By now, many of us have heard about the Internet of Things – the trend that sees sensors and Internet connectivity embedded into just about every device and tool we use on a daily basis in both our personal and professional lives. From smart thermostats and LED lighting in your home to an array of instruments in your car to fitness wearables – the IT industry is connecting just about everything you can imagine to the Internet.
IHS, a market researcher, predicts that the Internet of Things market will grow from an installed base of 15.4 billion devices in 2015 to 30.7 billion devices in 2020 and a staggering 75.4 billion in 2025. The real power of these Internet-connected devices will kick in as they’re woven into a connected fabric of services that respond smartly, in real time to the environment and our needs.
For example, we could see the world’s urban areas become smart cities, where connected sensors and appliances drive everything from transport systems to emergency services. Big data from these sensors will allow city managers to monitor traffic, air quality, criminal activity, the power grid, the water system and to streamline a lot of the work that keeps a city humming.
The smart bin
Consider the example of Yinchuan in China, which is piloting smart bins that alert garbage collectors when they’re full and where facial recognition software is used to authenticate bus fare payments. We’re seeing similar trends play out in the smart home, the smart factory, the smart office and other environments as drones, robots, sensors and other devices automate many of the tasks we do each day and give us access to data about the world around us.
Yet the major obstacle we face in bringing this next-generation Internet of Things to life is connectivity. Yinchuan, known as one of the smartest cities in the world, invested in an 8000GB fibre optic network, and more than 5000 WiFi access points. This is a level of spending that may not be viable in larger and less dense cities – and it is the area where the fifth-generation (5G) mobile standard will have an important role to play.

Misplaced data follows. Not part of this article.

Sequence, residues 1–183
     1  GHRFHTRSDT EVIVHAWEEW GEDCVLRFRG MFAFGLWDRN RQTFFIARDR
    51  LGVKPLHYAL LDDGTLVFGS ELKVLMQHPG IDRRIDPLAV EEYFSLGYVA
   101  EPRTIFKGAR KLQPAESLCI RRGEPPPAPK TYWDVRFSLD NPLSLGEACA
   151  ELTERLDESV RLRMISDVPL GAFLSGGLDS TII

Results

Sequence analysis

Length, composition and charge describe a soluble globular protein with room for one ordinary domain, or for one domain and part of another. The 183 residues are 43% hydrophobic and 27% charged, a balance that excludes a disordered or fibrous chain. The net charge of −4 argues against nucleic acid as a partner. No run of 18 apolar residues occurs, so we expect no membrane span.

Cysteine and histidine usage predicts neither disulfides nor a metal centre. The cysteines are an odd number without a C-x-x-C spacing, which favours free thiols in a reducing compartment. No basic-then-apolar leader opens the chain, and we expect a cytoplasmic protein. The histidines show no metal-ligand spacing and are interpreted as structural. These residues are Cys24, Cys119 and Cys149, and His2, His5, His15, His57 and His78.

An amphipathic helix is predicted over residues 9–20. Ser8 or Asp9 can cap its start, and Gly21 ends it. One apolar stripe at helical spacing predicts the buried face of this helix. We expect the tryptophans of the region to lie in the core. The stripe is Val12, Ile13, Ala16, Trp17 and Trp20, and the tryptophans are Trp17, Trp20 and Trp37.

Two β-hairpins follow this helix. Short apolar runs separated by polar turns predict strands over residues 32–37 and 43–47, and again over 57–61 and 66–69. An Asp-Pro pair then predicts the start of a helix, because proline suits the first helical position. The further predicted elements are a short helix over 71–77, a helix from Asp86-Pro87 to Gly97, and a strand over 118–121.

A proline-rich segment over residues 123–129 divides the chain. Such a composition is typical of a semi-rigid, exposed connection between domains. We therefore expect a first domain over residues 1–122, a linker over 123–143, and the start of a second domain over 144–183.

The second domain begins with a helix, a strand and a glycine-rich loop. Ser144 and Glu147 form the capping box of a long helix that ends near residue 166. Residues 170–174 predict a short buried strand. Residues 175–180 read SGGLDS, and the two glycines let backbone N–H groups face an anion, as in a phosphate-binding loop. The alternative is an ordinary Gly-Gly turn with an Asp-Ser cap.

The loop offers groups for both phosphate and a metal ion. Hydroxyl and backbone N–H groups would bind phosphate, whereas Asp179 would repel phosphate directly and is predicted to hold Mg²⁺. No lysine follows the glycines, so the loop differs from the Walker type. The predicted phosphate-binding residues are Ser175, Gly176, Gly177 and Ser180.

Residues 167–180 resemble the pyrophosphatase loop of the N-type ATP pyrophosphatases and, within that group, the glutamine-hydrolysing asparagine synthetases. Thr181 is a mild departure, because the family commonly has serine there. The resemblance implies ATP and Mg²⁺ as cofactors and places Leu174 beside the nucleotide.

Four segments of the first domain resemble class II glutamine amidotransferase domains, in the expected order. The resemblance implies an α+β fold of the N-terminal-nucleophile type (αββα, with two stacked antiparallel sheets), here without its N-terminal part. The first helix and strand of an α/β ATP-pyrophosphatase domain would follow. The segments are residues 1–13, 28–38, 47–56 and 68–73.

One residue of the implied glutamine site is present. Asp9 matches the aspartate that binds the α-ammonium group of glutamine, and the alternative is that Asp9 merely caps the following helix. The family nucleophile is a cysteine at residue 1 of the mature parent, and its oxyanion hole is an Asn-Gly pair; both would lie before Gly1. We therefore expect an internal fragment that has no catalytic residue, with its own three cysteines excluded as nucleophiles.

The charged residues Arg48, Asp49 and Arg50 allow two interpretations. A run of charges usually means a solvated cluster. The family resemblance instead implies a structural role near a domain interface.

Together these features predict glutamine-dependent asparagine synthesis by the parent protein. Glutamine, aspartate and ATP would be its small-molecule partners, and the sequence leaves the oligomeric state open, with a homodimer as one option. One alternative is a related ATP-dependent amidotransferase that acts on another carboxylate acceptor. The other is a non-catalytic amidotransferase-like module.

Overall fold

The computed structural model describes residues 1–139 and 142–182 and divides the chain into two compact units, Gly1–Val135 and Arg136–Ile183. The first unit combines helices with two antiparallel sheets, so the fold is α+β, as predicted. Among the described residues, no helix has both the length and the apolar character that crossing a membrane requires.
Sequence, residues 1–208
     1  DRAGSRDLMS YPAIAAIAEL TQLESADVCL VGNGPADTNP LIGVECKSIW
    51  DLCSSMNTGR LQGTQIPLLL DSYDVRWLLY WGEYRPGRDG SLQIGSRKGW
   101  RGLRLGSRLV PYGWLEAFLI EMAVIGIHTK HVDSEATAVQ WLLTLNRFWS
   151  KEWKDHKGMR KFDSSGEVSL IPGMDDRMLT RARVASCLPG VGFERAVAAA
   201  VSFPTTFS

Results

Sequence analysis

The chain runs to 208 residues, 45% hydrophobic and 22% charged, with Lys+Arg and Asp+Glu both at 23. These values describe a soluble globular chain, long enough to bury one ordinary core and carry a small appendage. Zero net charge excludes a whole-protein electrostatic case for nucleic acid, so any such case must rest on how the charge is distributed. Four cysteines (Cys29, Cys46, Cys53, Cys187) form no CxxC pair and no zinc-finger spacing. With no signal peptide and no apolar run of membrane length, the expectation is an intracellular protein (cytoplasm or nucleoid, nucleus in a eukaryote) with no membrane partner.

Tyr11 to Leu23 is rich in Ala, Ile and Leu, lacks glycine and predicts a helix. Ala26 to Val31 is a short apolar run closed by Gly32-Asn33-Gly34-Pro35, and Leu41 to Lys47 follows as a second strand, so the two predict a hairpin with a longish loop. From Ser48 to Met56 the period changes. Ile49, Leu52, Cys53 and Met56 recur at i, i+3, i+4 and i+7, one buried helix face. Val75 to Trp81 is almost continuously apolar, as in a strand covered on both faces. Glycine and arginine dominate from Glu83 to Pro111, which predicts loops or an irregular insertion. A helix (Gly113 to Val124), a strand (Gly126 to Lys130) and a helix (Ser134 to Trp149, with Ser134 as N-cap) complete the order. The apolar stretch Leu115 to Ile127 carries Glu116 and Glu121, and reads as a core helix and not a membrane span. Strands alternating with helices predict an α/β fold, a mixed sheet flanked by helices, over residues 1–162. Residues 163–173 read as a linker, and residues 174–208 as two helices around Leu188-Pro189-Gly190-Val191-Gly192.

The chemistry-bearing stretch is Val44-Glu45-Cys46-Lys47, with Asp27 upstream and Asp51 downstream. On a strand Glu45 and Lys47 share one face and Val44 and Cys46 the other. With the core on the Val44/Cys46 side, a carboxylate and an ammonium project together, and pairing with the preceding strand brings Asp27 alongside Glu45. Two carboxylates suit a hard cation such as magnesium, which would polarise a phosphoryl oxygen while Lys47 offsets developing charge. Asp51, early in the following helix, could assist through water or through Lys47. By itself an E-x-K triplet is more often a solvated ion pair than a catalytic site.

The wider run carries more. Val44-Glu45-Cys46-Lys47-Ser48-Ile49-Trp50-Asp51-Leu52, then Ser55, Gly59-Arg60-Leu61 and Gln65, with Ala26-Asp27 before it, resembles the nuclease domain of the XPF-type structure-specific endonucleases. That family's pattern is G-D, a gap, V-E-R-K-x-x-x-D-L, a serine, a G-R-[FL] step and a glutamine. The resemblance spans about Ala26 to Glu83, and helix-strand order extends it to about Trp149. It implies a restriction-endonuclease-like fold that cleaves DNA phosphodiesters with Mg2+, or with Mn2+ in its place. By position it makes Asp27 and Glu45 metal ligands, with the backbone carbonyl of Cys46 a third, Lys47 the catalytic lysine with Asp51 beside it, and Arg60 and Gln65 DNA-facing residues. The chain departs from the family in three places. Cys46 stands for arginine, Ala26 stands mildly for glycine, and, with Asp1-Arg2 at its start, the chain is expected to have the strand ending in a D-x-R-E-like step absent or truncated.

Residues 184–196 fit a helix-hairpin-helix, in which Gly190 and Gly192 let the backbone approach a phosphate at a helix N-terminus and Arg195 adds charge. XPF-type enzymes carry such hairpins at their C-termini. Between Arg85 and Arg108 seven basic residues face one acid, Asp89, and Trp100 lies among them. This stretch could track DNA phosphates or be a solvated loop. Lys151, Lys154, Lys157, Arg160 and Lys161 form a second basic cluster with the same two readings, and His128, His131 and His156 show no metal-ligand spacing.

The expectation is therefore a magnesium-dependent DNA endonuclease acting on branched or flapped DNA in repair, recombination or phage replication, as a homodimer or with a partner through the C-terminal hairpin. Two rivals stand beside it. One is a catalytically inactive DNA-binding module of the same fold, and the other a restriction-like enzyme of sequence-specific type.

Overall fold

As the evolution from LTE/4G, 5G is going to be the infrastructure that supports the billions upon billions of Internet of Things devices that will be connected to the network by 2025. The standard hasn’t been set in stone, but it is anticipated that 5G connectivity will be 10 or 12 times faster than LTE.
As welcome as the bandwidth boost will be, an arguably even more important benefit of 5G is the way it will support keeping vast numbers of devices connected under challenging conditions such as; by allowing a higher density of mobile broadband users, it will provide a platform for and reliable massive machine communications. 5G should also better support connectivity to remote areas (for example, imagine sensors in forests to provide early warning of fire) and inside buildings, even in basements or down mines.
Towards a more connected world
It will aim for lower batter consumption, which will be useful for many Internet of Things devices that are not plugged directly into the power grid. 5G research and development is working towards far lower latency than 4G equipment – in other words, to reduce the amount of time it takes a packet of data to move from one point to another and back again.
This is a critical point for many Internet of Things devices and applications, which need low latency more than they need lots of bandwidth. For example, an autonomous, self-driving vehicle needs reliable data about its environment so that it can avoid hazards in the road. A delay due to ‘lag’ could be the difference between it having a collision or avoiding it.
5G innovation is moving at a rapid pace, with the first big test for the technology expected at the 2018 Winter Olympics. As the final standards are set, we’ll start to see wider commercial deployment, with 2020 likely to be the year that we’ll see 5G really take off. By then, much of our world around us will be connected 24/7 and we’ll take a range of smart services for granted wherever we go.